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Of Faith and Trust
“But the seventh year shall be a complete rest for the Land. A Sabbath forG-d.” (25:4)
Sometimes trusting G-d isn’t so easy.
In this week’s Torah portion the Jewish People are told to put down tools once every six years and stop working the fields for a year. G-d tells them to trust that He will provide for them. In the sixth year, He promises that miraculously there will be a bumper crop. This will keep them going for that year, and the next year and the eighth year. Because, of course, seeing as nothing will be planted in the seventh year, there will be nothing to harvest in the eighth. In other words, one year’s crop becomes three. G-d says this is going to happen with clockwork regularity every seven years.
Sometimes, however, when it comes to our own lives it’s not so easy.
That’s the difference between emunah (faith) and bitachon (trust). We can believe that there is a G-d who created everything in existence, who continues to sustain reality from one second to the next, a G-d who rules over everything, everywhere, everyone, every second. But, when it comes to our own lives, we can still fall short in trusting Him when the going gets tough.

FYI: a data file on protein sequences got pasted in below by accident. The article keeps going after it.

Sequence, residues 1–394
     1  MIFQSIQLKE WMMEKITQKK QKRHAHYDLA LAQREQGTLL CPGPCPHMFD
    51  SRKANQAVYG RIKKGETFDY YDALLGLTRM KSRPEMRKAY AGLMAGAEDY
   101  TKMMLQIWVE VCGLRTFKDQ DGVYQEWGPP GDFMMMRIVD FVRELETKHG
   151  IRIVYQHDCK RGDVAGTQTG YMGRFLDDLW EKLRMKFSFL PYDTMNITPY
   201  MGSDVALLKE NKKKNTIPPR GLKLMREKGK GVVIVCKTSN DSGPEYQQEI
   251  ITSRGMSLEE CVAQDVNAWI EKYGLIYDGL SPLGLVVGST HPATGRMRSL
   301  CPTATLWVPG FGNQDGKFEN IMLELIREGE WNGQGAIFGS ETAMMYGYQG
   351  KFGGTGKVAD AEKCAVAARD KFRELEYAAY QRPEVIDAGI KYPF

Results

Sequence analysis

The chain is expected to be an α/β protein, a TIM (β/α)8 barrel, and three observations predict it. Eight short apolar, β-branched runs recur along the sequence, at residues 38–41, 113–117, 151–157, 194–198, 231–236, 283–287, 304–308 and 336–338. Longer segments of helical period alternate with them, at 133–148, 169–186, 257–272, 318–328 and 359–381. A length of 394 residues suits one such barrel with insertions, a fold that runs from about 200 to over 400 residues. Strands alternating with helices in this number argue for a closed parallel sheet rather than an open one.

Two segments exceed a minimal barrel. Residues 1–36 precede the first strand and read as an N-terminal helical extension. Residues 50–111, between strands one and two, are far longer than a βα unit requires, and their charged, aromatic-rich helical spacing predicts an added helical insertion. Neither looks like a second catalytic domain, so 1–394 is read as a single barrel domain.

I’m often asked how Torah institutions, which receive little if any government assistance, manage to stay afloat financially. And we even are witness to a tremendous growth of the number and size of Torah educational schools worldwide, in addition to a growing number of families that are dedicated to Torah studies despite the high cost-of-living and no “natural” source of income to support a life of Torah.
How do all these institutions and families manage?
Well, let me tell you how one Rosh Yeshiva looks at it. This is a man who has on his shoulders the burden of supporting an institution whose yearly running costs are in six figures. On his last trip to America, he told his donors to prepare “tanks” to receive the outpouring of wealth that G-d is going to bestow on them.
Supporting Torah is a privilege, not a budgetary burden. In the desert, the Holy Ark needed no wagon to carry it from one encampment to the next because “to the sons of Kehat he (Moshe) did not give (wagons); since the sacred service was upon them, they carried on the shoulder.” (Shmot 6:9)
In fact, no one carried the Aron. The Aron carried itself, and also those who “carried” it. The Aron carries its carriers. The Torah supports its supporters, not the other way round.